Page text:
The Philosopher King: Socrates vision in Plato's Republic



[FROM THE REPUBLIC - PLATO]

IT will be possible then, and only then, when kings are philosophers or philosophers kings.

The philosopher desires all knowledge. Justice, beauty, good, and so on are single, though their presentation is multiplex and variable. Curiosity about the multiplex particulars is not desire of knowledge, which is of the one constant idea--of that which is, as ignorance is of that which is not. What neither is nor is not, that which fluctuates and changes, is the subject matter of opinion, a state between knowledge and ignorance. Beauty is beauty always and everywhere; the things that look beautiful may be ugly from another point of view. Experience of beautiful things, curiosity about them, must be distinguished from knowledge of beauty; the philosopher is not to be confounded with the connoisseur, nor knowledge with opinion. The philosopher is he who has in his mind the perfect pattern of justice, beauty, truth; his is the knowledge of the eternal; he contemplates all time and all existence; no praises are too high for him.

"No doubt; still if that is so, why do philosophers always show themselves either fools or knaves in ordinary affairs?"

A ship's crew which does not understand that the art of navigation demands a knowledge of the stars will stigmatise a properly qualified pilot as a star-gazing idiot, and will prevent him from navigating. The world assumes that the philosopher's abstractions are folly, and rejects his guidance. The philosopher is the best kind of man; the corrupted philosopher is the worst; and the corrupting influences brought to bear are irresistible to all but the very strongest natures. The professional teachers of philosophy live not by leading popular opinion, but by pandering to it; a bastard brood trick themselves out as philosophers, while the true philosopher withdraws himself from so gross a world. Not in the soil of any existing state can philosophy grow naturally; planted in a suitable state, her divinity will be apparent.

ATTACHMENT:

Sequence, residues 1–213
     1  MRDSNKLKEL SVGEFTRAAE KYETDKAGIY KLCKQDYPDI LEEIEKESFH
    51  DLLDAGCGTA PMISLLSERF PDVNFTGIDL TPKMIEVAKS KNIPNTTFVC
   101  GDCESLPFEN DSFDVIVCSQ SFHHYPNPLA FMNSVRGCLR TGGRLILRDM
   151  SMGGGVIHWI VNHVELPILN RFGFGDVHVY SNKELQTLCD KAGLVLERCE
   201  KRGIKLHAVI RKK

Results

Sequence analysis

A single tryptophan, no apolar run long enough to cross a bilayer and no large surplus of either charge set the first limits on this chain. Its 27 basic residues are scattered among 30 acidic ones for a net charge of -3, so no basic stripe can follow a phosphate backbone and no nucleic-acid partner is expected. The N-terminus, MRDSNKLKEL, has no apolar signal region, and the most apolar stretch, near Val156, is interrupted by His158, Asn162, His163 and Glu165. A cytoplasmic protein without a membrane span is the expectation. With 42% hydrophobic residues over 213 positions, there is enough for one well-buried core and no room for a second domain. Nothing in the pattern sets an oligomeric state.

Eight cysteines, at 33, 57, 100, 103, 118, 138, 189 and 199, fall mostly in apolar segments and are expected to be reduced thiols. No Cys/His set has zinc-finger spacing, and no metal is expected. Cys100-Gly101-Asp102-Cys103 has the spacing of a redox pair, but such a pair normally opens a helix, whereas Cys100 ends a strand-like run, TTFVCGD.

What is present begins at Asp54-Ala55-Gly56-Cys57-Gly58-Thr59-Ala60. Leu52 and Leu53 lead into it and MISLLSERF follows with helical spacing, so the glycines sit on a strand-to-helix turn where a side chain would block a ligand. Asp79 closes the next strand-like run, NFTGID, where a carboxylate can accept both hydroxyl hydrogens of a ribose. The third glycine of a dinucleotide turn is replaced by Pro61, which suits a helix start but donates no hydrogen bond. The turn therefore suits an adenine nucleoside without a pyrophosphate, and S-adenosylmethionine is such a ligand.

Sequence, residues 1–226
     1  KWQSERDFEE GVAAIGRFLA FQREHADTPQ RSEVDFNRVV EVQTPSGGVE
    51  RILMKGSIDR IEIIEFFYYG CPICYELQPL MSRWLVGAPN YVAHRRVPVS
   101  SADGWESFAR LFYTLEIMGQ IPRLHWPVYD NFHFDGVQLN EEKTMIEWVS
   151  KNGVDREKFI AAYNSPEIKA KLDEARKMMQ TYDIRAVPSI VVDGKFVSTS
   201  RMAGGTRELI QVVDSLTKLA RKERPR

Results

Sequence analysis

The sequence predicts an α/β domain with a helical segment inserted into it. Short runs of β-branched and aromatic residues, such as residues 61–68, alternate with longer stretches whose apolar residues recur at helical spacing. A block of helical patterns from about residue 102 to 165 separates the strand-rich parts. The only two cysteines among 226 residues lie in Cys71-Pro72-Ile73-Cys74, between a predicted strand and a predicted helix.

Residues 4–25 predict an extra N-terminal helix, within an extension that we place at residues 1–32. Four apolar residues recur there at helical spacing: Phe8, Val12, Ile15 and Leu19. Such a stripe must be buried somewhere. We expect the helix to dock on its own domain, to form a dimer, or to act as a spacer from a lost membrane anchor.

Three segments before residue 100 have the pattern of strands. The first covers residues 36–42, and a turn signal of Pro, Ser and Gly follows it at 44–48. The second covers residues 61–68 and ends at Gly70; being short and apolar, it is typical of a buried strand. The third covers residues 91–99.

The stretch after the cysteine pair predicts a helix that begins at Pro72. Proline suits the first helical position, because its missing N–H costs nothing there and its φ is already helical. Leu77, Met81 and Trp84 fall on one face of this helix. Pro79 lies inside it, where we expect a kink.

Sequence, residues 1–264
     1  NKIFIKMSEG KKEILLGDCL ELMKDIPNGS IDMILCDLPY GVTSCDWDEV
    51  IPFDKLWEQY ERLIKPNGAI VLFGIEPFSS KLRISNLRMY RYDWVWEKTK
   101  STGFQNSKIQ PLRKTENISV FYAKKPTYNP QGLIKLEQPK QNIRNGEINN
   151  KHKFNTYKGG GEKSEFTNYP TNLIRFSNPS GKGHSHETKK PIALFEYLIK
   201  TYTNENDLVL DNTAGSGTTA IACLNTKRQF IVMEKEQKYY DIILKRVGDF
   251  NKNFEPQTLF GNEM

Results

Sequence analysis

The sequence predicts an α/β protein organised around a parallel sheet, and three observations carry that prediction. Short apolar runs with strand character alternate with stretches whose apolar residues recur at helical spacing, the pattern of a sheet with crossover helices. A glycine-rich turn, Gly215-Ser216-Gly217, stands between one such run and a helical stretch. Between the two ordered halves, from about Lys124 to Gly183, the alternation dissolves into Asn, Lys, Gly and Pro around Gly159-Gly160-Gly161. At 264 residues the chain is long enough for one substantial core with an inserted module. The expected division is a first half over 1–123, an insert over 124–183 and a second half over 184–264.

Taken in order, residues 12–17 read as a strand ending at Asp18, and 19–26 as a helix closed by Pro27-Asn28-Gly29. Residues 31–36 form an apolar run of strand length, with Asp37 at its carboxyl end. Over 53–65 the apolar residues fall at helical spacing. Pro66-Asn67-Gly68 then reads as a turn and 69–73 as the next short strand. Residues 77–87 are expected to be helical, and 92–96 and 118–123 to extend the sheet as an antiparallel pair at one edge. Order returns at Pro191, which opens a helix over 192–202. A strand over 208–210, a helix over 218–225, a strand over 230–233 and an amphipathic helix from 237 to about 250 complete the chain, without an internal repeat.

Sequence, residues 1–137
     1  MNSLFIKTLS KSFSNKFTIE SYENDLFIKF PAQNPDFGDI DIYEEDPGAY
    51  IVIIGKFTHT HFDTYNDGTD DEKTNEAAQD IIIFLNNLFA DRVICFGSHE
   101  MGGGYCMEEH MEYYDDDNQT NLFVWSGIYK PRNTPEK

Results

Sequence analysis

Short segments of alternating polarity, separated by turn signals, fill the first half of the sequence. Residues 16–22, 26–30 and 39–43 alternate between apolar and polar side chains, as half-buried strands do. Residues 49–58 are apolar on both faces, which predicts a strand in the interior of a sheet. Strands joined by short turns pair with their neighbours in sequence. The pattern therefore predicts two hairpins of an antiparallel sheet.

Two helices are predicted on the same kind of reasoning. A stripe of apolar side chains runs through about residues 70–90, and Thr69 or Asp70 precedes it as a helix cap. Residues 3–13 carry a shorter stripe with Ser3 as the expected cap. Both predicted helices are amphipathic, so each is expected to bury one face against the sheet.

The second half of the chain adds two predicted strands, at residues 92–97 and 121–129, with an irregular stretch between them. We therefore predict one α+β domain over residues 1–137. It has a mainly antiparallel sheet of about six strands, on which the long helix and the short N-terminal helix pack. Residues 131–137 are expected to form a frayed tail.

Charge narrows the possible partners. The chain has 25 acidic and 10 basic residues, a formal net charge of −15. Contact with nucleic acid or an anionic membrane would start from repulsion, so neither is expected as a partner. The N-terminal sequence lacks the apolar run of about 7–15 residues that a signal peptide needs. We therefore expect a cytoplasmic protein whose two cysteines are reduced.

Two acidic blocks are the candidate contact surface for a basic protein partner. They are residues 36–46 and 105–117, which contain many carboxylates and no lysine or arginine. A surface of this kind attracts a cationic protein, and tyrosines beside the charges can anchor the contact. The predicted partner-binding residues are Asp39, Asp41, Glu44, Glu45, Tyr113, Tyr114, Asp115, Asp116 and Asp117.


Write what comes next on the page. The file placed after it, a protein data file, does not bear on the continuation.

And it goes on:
I need no longer hesitate to say that we must make our guardians philosophers. The necessary combination of qualities is extremely rare. Our test must be thorough, for the soul must be trained up by the pursuit of all kinds of knowledge to the capacity for the pursuit of the highest--higher than justice and wisdom--the idea of the good.

The good is to the intellectual faculty what the sum is to that of vision; it is the source and cause of truth, which is the light whereby we perceive ideas; it is not truth, nor the ideas, but above them; their cause, as the sun is the source of light and the cause of growth.

Again, the material things with which the eye is concerned are in two categories--the copies, reflections or shadows of things, and actual things. Correspondingly the things perceived by the intellect are in a secondary region--as the mathematical--where everything is derived from hypotheses which are assumed to be first principles; or in a supreme region, in which hypotheses are only the steps by which we ascend to the real ultimate first principles themselves.

And it will follow further that the mind has four faculties appropriate to these four divisions, which we call respectively pure reason understanding, conviction and perception of shadows; the first pair being concerned with being, the field of the intellect; the second pair with becoming, the field of opinion.





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